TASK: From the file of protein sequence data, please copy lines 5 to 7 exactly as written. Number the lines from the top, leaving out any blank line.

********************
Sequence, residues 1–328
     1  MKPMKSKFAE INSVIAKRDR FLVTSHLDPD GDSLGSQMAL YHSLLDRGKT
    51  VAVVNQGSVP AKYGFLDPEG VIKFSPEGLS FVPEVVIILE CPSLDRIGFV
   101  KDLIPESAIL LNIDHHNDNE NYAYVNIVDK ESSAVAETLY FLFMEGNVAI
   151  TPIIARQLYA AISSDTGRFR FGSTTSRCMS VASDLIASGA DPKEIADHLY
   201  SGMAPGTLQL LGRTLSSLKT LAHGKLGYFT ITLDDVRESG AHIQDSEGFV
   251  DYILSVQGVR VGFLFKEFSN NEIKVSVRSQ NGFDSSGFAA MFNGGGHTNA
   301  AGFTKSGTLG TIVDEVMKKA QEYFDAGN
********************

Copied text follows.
   151  TPIIARQLYA AISSDTGRFR FGSTTSRCMS VASDLIASGA DPKEIADHLY
   201  SGMAPGTLQL LGRTLSSLKT LAHGKLGYFT ITLDDVRESG AHIQDSEGFV
   251  DYILSVQGVR VGFLFKEFSN NEIKVSVRSQ NGFDSSGFAA MFNGGGHTNA